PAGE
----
President, Global Policy and Advocacy, Bill & Melinda Gates Foundation
Geoffrey Lamb is the Gates Foundation’s President, Global Policy and Advocacy. He leads the foundation’s international policy and advocacy team, and its engagement with governments and international institutions. Lamb was previously Managing Director, Public Policy and a Senior Fellow in the foundation’s Global Development Program.
The oration reviewed the extraordinary successes of the past half century in reducing mortality and disease. It showed how investments in health have been critical for economic growth and the reduction of global poverty – and helped bring the goal of an end to absolute global poverty within generational sight.
Can we repair the adult mind?
Alcino J. Silva
Alcino J Silva revealed the bold new world of brain repair. He and his colleagues at the University of California, Los Angeles, have shown that the adult brain can be repaired. Millions of people suffer from cognitive deficits associated with aging, learning disabilities, autism and schizophrenia. But it’s long been thought abnormalities in brain development are irreversible. Dr Silva has broken that paradigm. He says the adult brain is more plastic.
Owen Gaffney presented Welcome to the Anthropocene, a stunning view of the vast scale of human influence on our planet. His unique data visualization captures why many now argue humanity has driven our planet into a new geological era – the Anthropocene –defined by our impact on Planet Earth.
Owen explored how global changes driven by the Industrial Revolution, even bigger changes driven by globalization, and changes driven by the digital revolution are creating a globally interconnected society and what this means for the future.
Paroxysmal neurological events –The new genetics solves age-old questions
Professor Ingrid Scheffer
Professor Ingrid Scheffer is a paediatric neurologist and epileptologist at the University of Melbourne, Australia. Her work together with Professor Sam Berkovic, with the molecular geneticists at the Women’s and Children’s Hospital, Adelaide, has led the field of epilepsy genetics research over the last 21 years.
For many years, there was debate about whether paroxysmal events occurring in sleep were a type of epileptic seizure or a movement disorder. Similarly the aetiological relationship between movement disorders and epilepsies occurring in one person has been a matter of intense scrutiny.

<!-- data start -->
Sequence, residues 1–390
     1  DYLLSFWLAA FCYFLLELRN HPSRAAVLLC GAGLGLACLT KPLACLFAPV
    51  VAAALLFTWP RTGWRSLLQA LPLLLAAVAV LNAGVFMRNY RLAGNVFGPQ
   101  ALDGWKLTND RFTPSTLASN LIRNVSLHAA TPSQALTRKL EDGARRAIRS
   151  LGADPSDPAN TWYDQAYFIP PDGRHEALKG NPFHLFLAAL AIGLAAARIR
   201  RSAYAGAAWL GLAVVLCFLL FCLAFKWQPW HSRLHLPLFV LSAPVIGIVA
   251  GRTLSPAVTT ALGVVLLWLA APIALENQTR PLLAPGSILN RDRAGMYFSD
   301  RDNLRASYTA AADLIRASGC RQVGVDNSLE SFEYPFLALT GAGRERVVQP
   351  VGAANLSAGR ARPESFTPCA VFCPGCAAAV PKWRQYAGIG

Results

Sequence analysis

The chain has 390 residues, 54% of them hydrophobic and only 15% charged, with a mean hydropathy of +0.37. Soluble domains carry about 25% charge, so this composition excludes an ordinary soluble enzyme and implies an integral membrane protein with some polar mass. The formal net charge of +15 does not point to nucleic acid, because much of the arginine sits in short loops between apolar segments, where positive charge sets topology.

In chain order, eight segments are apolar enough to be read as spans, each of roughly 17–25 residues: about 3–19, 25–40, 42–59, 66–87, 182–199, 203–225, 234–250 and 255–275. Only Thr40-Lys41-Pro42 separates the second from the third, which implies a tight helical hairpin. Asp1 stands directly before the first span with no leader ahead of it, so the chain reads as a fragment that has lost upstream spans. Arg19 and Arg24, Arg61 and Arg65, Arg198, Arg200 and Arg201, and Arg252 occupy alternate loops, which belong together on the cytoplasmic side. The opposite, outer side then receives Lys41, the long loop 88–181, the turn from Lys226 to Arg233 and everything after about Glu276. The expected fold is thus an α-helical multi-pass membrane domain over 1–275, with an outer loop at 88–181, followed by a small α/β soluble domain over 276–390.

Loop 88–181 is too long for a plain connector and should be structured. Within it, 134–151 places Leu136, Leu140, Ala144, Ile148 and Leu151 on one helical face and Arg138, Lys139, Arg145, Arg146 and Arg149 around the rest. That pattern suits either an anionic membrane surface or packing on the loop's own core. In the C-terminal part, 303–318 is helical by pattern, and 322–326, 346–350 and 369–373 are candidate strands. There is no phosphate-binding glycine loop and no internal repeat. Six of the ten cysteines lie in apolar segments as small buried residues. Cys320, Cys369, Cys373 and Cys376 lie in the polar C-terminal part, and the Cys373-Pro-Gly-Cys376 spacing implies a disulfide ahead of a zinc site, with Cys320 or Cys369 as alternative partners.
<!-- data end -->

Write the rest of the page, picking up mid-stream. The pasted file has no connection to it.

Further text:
2012 Graeme Clark Oration
Professor Dame Linda Partridge DBE FRS FRSE
Professor Dame Linda Partridge imagines a future in which we all stay young by taking a pill that reduces the impact of ageing. She’s not promising immortality, rather she’s working toward a future in which we age gracefully – healthy, happy and active until the end.
Global Biomolecular Information Infrastructure and Potential Australian Roles
Mr Graham Cameron, Melbourne Brain Imaging Centre
Biology has developed high-throughput methods to collect staggering amounts of data on the molecules of life, their interactions and behaviour. In response to this, global science has established extensive collections of biomolecular data and their phenotypic correlates. Major service centres such as the European Bioinformatics Institute (EBI), the National Center for Biology Information (NCBI) in the USA, Japan’s Centre for Information Biology and the Swiss Institute of Bioinformatics, collaborate to collect organise and share this information with the scientific community
The Auditorium, Melbourne Brain Centre
Kenneth Myer Building, The University of Melbourne
Cnr. Royal Parade & Genetics Lane, Parkville
Systems Biology is a term that is much bandied about. While many commentators agree that it holds ‘great promise’ for biomedical science research.
Eastern Resource Centre, Charles Pearson Theatre
The University of Melbourne, Building 171
Parkville Victoria 3052 Australia
Presenter: Associate Professor Edmund Crampin
Low-intensity, pulsed infrared light provides a novel nerve stimulation modality that avoids the limitations of traditional electrical methods such as necessity of contact, presence of a stimulation artifact, and relatively poor spatial precision.
Personalized medicine aims to tailor medical treatment at individual patients based on genetic, biochemical or physiological information.
The variability between individual patients has long been recognized as one of the challenges of modern medicine and pharmacology.
Research of the immune system is undergoing significant changes, following the fundamental advances of Melbourne scientist Macfarlane Burnet in the 1950’s. Engineering concepts are being applied to make theories about the behavior of the immune system quantitative and amenable to computer simulation. Professor Hodgkin will present evidence that engineering concepts have a role in understanding the construction of the system. He will endeavor to convince the audience that the immune system is a highly accessible model for computational biologists, where advances can inform cell and molecular biology at the cutting edge, while having important implications for improving human health.
The principles of Magnetic Resonance Imaging (MRI) will be explained and examples of applications of high magnetic field MRI systems will be presented. These will include applications in animal models of human disease and examples of human brain studies. Cerebral tissue contains water molecules that are diffusing due to their inherent thermal energy (temperature).